"The most lasting impact are the lives we affect, the careers that we nurture," says Bryan, who chooses about 25 college theater majors from national auditions every year to form the resident ensemble. They back up the guest stars from New York and Los Angeles in a rigorous 10-week program that involves rehearsing one show while putting on another every other week.

Among those who got their start here are Tony winner Kristin Chenoweth ("Wicked," "You're a Good Man, Charlie Brown"), Tony nominee and Olivier winner Karla Burns ("Showboat," her one-woman "High-Hat Hattie") and Nicholas Saverine, who has starred in "The Phantom of the Opera" and "Les Miserables" on Broadway and in Europe and is known as much in opera circles as Broadway houses.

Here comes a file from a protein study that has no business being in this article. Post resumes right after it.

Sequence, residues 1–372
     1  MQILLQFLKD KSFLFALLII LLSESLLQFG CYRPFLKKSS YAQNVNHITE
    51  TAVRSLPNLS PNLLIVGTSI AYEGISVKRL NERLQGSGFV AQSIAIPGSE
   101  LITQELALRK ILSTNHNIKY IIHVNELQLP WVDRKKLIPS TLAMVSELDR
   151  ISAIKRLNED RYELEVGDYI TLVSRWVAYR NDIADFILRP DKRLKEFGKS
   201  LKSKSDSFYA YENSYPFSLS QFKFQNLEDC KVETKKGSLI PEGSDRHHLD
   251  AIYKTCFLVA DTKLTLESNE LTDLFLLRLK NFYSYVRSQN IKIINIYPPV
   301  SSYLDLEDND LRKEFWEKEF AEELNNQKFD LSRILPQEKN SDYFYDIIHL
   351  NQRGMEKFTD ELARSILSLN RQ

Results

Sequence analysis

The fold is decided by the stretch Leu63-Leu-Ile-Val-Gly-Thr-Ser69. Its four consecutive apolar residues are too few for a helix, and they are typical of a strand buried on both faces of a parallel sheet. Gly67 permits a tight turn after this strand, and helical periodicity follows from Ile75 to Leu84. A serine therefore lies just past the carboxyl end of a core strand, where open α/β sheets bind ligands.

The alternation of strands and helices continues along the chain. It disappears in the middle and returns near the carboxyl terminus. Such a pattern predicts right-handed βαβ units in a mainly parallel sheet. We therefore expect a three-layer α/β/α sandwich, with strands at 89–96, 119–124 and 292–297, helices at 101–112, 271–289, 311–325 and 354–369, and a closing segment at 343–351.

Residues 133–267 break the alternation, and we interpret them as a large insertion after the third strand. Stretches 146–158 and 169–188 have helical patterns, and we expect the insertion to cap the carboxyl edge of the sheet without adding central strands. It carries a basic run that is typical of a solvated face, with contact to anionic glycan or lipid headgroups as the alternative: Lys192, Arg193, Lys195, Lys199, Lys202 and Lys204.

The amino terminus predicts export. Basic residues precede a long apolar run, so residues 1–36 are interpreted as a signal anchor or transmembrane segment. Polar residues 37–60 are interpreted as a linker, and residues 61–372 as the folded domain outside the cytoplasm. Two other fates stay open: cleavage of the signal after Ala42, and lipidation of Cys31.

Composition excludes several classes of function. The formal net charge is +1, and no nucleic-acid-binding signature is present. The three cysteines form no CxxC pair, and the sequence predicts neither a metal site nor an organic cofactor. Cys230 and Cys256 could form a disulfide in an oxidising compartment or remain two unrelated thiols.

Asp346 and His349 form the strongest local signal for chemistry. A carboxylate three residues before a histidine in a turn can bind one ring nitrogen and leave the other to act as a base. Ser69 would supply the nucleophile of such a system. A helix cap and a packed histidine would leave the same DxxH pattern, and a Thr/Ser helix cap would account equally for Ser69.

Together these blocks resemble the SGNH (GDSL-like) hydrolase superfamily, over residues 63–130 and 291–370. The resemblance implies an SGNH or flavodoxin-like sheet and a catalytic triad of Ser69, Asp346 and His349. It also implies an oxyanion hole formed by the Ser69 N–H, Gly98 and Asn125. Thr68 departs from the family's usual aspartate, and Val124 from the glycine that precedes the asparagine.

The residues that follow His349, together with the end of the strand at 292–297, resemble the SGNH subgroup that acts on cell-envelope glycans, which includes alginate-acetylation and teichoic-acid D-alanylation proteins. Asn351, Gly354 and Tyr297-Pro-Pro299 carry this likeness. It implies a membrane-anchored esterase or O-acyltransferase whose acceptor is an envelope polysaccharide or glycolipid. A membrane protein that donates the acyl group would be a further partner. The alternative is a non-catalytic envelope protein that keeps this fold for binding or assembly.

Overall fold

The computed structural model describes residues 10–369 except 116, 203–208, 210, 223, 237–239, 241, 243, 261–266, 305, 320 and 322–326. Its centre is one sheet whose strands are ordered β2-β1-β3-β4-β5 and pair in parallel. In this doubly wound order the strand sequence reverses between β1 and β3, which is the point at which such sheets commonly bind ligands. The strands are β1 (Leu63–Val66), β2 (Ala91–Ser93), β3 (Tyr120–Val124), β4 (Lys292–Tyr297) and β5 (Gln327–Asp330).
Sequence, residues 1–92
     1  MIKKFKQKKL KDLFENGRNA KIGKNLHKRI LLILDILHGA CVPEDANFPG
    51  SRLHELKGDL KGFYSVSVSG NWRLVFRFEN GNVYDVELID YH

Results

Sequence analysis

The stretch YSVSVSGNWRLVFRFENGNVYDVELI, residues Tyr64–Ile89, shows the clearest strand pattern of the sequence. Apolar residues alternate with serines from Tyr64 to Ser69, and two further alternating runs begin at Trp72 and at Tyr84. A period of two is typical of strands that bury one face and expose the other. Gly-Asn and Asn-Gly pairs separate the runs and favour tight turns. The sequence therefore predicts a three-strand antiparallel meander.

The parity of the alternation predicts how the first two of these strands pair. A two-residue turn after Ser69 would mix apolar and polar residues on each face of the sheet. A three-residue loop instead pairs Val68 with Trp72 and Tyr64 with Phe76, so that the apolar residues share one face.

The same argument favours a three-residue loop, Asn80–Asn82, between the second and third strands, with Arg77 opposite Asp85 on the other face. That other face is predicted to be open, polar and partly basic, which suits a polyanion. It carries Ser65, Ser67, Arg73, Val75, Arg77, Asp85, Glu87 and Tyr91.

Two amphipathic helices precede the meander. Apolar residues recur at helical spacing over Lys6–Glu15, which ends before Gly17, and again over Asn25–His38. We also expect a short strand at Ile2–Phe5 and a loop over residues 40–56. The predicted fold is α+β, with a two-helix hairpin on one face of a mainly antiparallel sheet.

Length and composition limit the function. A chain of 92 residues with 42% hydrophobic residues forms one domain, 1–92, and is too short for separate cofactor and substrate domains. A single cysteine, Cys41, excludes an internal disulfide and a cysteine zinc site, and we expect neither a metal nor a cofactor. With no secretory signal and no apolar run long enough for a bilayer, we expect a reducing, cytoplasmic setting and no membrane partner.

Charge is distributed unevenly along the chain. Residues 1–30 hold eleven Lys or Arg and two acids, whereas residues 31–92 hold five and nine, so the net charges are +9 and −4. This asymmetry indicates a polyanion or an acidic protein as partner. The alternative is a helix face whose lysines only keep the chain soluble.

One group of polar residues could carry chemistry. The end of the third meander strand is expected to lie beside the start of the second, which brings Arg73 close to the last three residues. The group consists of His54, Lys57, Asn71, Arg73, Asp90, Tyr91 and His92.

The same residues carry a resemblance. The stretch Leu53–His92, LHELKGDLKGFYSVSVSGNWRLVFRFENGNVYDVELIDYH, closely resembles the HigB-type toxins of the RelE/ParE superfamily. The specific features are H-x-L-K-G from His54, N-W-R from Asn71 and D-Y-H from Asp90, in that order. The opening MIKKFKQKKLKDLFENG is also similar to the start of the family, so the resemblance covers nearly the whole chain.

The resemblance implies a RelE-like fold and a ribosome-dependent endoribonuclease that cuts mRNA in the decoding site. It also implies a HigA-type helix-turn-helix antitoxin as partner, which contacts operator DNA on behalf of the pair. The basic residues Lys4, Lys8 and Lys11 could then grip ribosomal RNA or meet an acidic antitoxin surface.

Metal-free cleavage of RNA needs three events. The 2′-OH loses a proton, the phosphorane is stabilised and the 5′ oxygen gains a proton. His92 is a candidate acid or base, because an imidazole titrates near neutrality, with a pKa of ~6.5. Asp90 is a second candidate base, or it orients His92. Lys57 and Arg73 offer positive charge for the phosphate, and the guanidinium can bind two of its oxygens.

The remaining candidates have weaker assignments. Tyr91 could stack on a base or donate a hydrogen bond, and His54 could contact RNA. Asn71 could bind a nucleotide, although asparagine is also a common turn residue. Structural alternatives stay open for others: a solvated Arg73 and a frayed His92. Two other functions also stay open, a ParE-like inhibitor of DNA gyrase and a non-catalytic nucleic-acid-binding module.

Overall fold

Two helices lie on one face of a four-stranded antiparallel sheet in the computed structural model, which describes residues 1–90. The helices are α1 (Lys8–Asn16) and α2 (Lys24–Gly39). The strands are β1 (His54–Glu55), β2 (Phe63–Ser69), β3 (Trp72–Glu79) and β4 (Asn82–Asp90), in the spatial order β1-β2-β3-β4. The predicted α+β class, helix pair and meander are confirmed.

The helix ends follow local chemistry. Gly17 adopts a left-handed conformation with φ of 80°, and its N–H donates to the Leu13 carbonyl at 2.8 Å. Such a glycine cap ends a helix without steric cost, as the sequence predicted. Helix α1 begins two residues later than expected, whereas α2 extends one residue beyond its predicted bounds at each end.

"These are life-changing opportunities. We are the bridge between the dream of a theater career while studying and actually being prepared to go to New York," says Bryan, who began as a performer himself and who, every few years, occasionally takes to the MTWichita boards for just the right show.

"It's so wonderful we have a place where aspiring performers can be mentored by Broadway professionals to learn the practical ins-and-outs, including when to get an Equity (union) card, how to support yourself between shows and even how to approach your taxes," Bryan says. "We also do the same for young designers and craftsmen. They have a place where they can hone their skills and learn what's expected of them. That's what we are all about."

'It had to be quality'